I’ve often quipped that, to borrow from historian Ellen Condliffe Lagemann’s assertion that “Dewey lost; Thorndike won,” when it comes to ed-tech “Papert lost, and Skinner won.” But Teaching Machines isn’t really a book of quips, and in order to make the argument that Skinner has continued to have an enormous influence on education technology, I thought I might try to make a list of his students and colleagues – a bit like the networks I’ve tried to map out for ed-tech investment and such – and see if there’s anything interesting to be gleaned.
Note: This list is a work in progress, so if you know someone who isn’t listed, please do let me know!
- James Holland (worked in the Harvard teaching machine lab; co-authored with Skinner of The Analysis of Behavior, a “program for self-instruction”)
- Ben Wyckoff (studied under Skinner at the University of Indiana; chairman of Teaching Machines, Inc.)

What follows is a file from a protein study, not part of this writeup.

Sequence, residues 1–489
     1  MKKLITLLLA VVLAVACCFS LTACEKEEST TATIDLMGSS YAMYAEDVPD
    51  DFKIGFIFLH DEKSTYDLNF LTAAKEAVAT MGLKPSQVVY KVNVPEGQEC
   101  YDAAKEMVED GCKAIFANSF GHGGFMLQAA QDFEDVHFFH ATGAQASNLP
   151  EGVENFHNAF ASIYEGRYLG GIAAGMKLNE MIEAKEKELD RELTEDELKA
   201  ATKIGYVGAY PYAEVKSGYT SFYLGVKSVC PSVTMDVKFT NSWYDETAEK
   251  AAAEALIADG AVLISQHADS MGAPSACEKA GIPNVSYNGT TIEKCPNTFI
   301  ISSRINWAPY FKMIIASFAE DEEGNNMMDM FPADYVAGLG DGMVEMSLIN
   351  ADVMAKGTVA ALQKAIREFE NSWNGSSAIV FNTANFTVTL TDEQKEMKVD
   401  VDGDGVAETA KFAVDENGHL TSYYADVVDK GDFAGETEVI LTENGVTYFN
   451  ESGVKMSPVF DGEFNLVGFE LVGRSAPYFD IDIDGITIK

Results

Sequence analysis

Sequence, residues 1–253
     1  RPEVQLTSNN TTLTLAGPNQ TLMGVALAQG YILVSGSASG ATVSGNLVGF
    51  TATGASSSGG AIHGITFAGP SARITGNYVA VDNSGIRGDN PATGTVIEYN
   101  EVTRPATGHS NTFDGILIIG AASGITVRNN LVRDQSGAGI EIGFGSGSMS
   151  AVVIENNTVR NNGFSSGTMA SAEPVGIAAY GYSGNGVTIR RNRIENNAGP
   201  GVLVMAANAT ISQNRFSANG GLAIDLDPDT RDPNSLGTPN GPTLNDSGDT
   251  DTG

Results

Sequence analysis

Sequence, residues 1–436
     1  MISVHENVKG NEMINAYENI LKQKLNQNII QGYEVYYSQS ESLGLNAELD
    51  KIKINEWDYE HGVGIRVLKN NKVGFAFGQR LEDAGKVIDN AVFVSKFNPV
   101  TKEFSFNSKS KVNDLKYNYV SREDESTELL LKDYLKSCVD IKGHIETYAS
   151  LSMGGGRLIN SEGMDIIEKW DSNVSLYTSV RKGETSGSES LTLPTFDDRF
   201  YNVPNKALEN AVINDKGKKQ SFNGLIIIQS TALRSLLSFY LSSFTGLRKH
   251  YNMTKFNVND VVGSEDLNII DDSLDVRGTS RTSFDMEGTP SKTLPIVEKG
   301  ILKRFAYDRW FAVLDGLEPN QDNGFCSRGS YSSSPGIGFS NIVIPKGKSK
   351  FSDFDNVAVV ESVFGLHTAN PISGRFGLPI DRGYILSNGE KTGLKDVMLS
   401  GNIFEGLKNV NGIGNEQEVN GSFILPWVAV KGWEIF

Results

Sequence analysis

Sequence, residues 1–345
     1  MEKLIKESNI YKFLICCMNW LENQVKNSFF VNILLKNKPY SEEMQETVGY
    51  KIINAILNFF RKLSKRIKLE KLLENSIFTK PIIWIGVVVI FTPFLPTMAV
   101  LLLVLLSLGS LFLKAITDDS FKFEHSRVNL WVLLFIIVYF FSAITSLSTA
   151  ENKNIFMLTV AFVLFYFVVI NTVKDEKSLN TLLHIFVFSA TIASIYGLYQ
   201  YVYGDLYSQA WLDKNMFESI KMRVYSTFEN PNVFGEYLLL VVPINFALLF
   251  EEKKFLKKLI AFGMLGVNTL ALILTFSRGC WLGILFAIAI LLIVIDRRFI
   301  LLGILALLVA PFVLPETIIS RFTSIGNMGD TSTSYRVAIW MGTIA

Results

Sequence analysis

- Lloyd Homme (worked in the Harvard teaching machine lab; co-founder of Teaching Machines, Inc.)
- Susan Meyer Markle (worked in the Harvard teaching machine lab)
- Douglas Porter (worked in the Harvard teaching machine lab)
- Wells Hively (worked in the Harvard teaching machine lab)
- Robert Gable (the inventor, along with his brother, of the ankle monitor)
- Shoshana Zuboff (I’m not sure I’d describe her as a student of Skinner’s; but she did get her PhD from Harvard while he was a professor and writes in The Age of Surveillance Capitalism about his lectures and seminars)
- Ogden Lindsley (founded the Behavior Research Lab at Harvard Medical School; student of Skinner)
- Robert Epstein (student of Skinner; founder and director emeritus of the Cambridge Center for Behavioral Studies)
- Nathan Azrin (student of Skinner; the author of Toilet Training in Less Than a Day)
- Matthew Israel (student of Skinner; worked in the teaching machine lab at Harvard)
- Kenneth MacCorquodale (student of Skinner; worked on methodology of operant conditioning)